Warsaw, Poland is a cultural haven for videographers looking to capture a unique splice of life. The city is well known throughout the world for its beautiful art and panoramic views. Furthermore, the underground club scene in Warsaw is unlike any other you’re likely to experience in your lifetime. The weather in Warsaw can be unpredictable, so plan any outdoor shoots accordingly. Check with proprietors also to receive permission to film Warsaw video in private spaces.
When you think of Warsaw, cobblestone streets and historic aging buildings are likely to come to mind. To capture this feel on video, plan a scouting trip to Bazar Różyckiego. This marketplace area was built in the 19th century and was a hubbub of activity during the Second World War by supplying soldiers with ammo and medical necessities.
To shoot video of the bar scene in Warsaw, videographers must make a stop in downtown’s uber-popular Plan B. Nearby Plan B is the “Rainbow” installation art project that has been shrouded in controversy since its erection. Plan B has a dive bar feel with artists, students, and celebs being a part of the everyday clientele. The diversity of the bar goers will help best capture the feel of what Warsaw is all about.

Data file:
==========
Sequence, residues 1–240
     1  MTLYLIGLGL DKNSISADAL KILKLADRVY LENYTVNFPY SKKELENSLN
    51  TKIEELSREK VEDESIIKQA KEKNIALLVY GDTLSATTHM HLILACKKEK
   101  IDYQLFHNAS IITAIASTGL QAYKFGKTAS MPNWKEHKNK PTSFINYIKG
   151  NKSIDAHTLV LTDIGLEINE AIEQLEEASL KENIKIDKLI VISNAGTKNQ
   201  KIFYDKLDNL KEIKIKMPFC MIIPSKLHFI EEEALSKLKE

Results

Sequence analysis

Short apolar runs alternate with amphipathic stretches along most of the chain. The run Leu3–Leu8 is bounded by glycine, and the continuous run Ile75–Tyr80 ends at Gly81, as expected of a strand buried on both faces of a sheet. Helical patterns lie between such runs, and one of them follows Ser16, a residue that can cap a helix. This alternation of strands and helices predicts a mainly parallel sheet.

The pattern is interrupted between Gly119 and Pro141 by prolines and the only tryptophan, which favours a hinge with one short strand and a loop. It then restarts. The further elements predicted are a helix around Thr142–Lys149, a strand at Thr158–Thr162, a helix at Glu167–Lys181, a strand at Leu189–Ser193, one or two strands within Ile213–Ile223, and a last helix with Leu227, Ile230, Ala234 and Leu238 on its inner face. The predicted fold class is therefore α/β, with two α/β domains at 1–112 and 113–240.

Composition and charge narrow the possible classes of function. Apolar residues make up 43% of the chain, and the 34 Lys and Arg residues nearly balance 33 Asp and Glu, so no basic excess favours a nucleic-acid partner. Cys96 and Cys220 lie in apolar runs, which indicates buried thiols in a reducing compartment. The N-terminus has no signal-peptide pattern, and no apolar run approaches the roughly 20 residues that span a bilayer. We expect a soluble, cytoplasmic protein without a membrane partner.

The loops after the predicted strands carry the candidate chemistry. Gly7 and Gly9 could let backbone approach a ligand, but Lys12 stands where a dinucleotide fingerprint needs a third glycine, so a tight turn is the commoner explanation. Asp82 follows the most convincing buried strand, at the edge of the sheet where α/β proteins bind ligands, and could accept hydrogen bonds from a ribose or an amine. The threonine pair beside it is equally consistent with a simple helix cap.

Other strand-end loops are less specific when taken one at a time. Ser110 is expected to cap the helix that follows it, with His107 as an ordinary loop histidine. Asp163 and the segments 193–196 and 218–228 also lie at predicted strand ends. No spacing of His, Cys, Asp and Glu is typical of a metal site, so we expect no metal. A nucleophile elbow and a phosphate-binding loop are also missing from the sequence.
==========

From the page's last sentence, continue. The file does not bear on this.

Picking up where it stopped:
Neon signs were all the rage back in the 1950s and 1960s. For posterity, a museum was created to honor the city’s pastime. Capturing the signs on video can add a fun, retro vibe to your videos. The signs can act as a backdrop to videos that depict Poland’s storied past. Neon signs pop up all over Warsaw, especially in the metropolitan areas of the city.
Warsaw isn’t notorious for its parks systems, which makes Chopin Park all the more important to film. The park was named after Frederic Chopin, the country’s most famous composer. The eight-acre park is simplistic, making it beautiful for urban life Warsaw video productions.
There is an abandoned train station in Warsaw’s city center that leads to several mysterious spots that would be perfect to video for period pieces or horror-themed productions. By following the train tracks, videographers can find an old shutdown factory overgrown with ivy and several abandoned railcars with graffiti left resting on the tracks.
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